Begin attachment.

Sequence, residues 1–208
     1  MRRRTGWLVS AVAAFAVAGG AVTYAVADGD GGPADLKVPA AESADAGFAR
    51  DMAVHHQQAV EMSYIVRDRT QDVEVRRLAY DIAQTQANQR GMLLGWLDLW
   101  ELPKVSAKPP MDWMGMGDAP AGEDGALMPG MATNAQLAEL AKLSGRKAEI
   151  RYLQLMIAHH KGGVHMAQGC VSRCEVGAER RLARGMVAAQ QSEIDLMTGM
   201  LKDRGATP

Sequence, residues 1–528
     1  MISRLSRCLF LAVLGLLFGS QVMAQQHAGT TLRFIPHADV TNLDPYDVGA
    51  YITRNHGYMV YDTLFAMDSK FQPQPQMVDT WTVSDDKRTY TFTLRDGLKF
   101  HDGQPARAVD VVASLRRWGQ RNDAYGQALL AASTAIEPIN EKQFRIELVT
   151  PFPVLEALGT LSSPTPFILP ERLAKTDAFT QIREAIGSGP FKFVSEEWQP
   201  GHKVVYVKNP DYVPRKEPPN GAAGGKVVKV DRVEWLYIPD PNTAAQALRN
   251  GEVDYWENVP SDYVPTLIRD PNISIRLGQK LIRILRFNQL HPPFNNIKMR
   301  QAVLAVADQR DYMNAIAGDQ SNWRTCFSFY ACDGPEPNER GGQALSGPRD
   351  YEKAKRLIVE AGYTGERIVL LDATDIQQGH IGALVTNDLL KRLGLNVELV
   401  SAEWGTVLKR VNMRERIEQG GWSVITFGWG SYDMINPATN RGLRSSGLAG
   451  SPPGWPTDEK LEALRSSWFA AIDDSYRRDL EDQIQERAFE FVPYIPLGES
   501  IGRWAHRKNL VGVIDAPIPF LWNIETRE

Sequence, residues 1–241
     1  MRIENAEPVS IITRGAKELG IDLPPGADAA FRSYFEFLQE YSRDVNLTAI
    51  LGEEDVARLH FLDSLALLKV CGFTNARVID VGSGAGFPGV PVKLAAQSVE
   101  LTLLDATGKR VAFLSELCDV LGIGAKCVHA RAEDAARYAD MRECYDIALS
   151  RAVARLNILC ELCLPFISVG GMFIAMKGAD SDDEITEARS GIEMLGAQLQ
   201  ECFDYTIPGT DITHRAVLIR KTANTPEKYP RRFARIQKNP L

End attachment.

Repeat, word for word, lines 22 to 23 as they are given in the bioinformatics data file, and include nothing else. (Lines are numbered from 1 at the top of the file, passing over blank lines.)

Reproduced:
   101  LTLLDATGKR VAFLSELCDV LGIGAKCVHA RAEDAARYAD MRECYDIALS
   151  RAVARLNILC ELCLPFISVG GMFIAMKGAD SDDEITEARS GIEMLGAQLQ